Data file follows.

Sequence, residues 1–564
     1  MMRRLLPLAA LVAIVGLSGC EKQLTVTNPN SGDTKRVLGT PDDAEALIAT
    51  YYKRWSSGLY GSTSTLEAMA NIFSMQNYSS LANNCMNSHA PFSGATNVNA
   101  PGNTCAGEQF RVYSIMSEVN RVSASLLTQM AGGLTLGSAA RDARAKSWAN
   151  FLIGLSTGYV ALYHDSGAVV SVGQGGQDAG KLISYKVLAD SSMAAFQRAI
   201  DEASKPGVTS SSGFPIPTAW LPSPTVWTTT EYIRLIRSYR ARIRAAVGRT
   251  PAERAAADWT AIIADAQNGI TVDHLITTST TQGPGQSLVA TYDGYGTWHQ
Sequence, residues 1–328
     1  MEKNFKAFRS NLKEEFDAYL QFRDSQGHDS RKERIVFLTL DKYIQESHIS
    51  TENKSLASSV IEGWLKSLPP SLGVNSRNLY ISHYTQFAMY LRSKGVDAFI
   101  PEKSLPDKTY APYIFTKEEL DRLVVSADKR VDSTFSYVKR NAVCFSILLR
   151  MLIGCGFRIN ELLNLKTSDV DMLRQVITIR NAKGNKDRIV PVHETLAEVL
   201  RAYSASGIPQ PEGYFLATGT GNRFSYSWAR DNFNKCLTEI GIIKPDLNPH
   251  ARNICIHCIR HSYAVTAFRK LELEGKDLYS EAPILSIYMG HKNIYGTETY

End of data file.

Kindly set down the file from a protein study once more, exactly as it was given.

Sequence, residues 1–564
     1  MMRRLLPLAA LVAIVGLSGC EKQLTVTNPN SGDTKRVLGT PDDAEALIAT
    51  YYKRWSSGLY GSTSTLEAMA NIFSMQNYSS LANNCMNSHA PFSGATNVNA
   101  PGNTCAGEQF RVYSIMSEVN RVSASLLTQM AGGLTLGSAA RDARAKSWAN
   151  FLIGLSTGYV ALYHDSGAVV SVGQGGQDAG KLISYKVLAD SSMAAFQRAI
   201  DEASKPGVTS SSGFPIPTAW LPSPTVWTTT EYIRLIRSYR ARIRAAVGRT
   251  PAERAAADWT AIIADAQNGI TVDHLITTST TQGPGQSLVA TYDGYGTWHQ
Sequence, residues 1–328
     1  MEKNFKAFRS NLKEEFDAYL QFRDSQGHDS RKERIVFLTL DKYIQESHIS
    51  TENKSLASSV IEGWLKSLPP SLGVNSRNLY ISHYTQFAMY LRSKGVDAFI
   101  PEKSLPDKTY APYIFTKEEL DRLVVSADKR VDSTFSYVKR NAVCFSILLR
   151  MLIGCGFRIN ELLNLKTSDV DMLRQVITIR NAKGNKDRIV PVHETLAEVL
   201  RAYSASGIPQ PEGYFLATGT GNRFSYSWAR DNFNKCLTEI GIIKPDLNPH
   251  ARNICIHCIR HSYAVTAFRK LELEGKDLYS EAPILSIYMG HKNIYGTETY